Thread Mills, The History of Paisley's Thread Mills, Mid-Nineteenth-Century Development
One of the most significant events in the growth of the international thread trade in the nineteenth century was the advent of the mechanical sewing machine. This was invented in 1846 by Elias Howe, but at this time, the three-cord thread that was being produced for hand sewing was unsuitable for the new machine. This would change twenty years later after George Clark developed a six-cord thread with a finish that was soft enough to be used in the sewing machine. Clark called this ‘Our New Thread’, abbreviated to O.N.T. which would become the trademark for the Clark firm. The invention of a thread that could be used in sewing machines revolutionised the thread industry, greatly increasing demand and, as a result, the profits to be made. Both Clarks and Coats would see their businesses and their rivalry grow as the nineteenth century drew to a close, while their collective empires spanned the USA, India, Europe, Russia, and the Baltic regions.
Workers outside a Coats mill in Rhode Island, USA, during the nineteenth century
In the 1870s the Clarks mills were renamed the Anchor mills, and this period would see the company buy over an increasing number of businesses in order to consolidate its position of strength. Both Clarks and Coats would incorporate their businesses during this period, increasing their capital base while cementing their operations overseas, with Russia being a particular point of interest for Clark and Co Ltd by the end of the nineteenth century. This period of expansion overseas was mirrored by the transformation of the existing sites in both Seedhill Road and Ferguslie. The mile end mill (1898) was the last great mill to be built in Paisley, and represents the end point of a three-decade period of expansion by both Paisley families. Prior to this, the Clarks had constructed the Atlantic (1872) and Pacific (1878) mills on Seedhill road to carry our spinning and twisting. These were large, five-storey buildings, and while their size reflected the growth of the Clarks business, their names were a reminder of the truly global reach of this Paisley business. Together with the domestic finishing mill (1886) this part of the town was dominated by a whole line of huge buildings that were crammed into an area stretching no more than a few hundred yards.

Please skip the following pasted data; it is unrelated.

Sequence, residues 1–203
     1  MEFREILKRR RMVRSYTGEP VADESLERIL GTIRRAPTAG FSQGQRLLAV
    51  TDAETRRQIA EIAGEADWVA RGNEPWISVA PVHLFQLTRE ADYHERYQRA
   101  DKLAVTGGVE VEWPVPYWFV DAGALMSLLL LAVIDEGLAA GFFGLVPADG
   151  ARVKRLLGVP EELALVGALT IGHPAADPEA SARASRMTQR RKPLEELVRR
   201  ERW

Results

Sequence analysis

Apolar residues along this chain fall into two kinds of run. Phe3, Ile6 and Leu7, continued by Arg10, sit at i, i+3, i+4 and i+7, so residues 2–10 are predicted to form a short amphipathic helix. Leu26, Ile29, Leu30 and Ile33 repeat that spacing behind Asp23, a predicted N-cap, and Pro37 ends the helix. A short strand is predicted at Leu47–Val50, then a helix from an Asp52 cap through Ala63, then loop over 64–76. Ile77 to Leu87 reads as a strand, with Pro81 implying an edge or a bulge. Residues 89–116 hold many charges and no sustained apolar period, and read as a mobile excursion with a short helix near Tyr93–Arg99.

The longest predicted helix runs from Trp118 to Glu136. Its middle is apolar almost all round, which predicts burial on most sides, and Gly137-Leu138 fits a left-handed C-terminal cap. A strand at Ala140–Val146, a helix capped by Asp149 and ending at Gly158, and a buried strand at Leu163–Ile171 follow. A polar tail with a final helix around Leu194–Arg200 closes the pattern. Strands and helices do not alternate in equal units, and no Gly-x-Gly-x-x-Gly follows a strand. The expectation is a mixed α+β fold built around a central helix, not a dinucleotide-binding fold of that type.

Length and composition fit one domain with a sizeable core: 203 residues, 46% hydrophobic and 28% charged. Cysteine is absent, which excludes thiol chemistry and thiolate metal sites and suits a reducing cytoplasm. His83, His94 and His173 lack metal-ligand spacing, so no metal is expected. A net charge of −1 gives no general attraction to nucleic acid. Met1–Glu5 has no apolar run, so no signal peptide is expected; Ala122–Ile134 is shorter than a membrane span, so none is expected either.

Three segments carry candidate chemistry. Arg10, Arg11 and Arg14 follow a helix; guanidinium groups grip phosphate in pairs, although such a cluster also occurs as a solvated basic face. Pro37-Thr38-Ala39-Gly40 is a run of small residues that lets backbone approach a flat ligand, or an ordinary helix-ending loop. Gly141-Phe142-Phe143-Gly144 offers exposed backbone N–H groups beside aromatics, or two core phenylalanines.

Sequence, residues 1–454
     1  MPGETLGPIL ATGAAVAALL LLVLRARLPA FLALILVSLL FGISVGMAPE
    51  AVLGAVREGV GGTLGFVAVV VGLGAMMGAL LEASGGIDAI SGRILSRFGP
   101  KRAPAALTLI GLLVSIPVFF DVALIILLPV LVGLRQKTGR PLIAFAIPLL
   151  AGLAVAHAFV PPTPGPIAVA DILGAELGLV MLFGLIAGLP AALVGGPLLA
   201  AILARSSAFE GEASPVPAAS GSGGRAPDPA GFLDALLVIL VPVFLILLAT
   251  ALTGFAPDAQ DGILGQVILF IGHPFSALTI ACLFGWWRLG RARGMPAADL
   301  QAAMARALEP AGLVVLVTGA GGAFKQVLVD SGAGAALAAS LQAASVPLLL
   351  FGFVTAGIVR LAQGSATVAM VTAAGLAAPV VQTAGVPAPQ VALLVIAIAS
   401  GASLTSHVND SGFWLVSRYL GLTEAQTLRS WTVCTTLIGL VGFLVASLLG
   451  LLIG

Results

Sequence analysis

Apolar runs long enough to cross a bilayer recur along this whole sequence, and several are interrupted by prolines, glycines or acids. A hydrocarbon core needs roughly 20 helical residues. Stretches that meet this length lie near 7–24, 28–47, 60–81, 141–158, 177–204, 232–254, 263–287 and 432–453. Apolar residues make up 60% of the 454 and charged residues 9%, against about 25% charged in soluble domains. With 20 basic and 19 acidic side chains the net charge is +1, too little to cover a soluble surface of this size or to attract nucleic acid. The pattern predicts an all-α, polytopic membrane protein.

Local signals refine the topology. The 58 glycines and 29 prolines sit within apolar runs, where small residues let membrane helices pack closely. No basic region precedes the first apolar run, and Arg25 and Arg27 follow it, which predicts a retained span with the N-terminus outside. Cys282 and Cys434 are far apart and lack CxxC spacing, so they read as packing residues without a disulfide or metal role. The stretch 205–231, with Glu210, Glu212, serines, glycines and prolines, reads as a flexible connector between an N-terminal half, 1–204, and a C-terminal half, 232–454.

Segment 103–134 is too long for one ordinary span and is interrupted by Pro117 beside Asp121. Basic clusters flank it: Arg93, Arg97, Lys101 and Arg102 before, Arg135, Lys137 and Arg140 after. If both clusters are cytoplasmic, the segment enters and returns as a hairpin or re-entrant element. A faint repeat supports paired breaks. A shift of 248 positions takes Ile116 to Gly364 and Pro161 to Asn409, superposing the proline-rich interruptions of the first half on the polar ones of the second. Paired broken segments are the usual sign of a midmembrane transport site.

In Ferguslie, the Coats family was also witnessing a rapid expansion of its business in the middle-to-late nineteenth-century. The demand created not only a range of new Victorian mills, but also influenced migration patterns, as people flocked into the town in search of work. This had been happening since the 18th century, however, by the middle of the nineteenth century more people began to arrive from the Highlands and Ireland. In the 1860s, many of those who were not engaged in domestic service would find work in the local bleachworks that were closely connected to thread production. By the later nineteenth century the mills themselves were beginning to become dominated by migrant workers. Census figures show that in 1891 less than 39 per cent of workers in the mills were born in Paisley, the rest coming mostly from the Highlands and Ireland. In Ferguslie, as at Anchor, these workers would often be in high demand. The Ferguslie site had been continually developed since 1826, but by the second half of the nineteenth-century the buildings became larger, as they had done at Anchor. The Ferguslie site was dominated by the outstanding Number 1 mill (1887), which was designed in French Renaissance style. However a number of other large mills were built by the Coats business at this time, including the large Number 8 mill (1890), while the Half-Timer’s school (1887) was a highly ornate example of the paternalistic side of the Baptist Coats family. At this time, business competition between both firms was fierce, with each being forced to continually lower prices in order to compete. This could not go on, and eventually, a compromise was reached.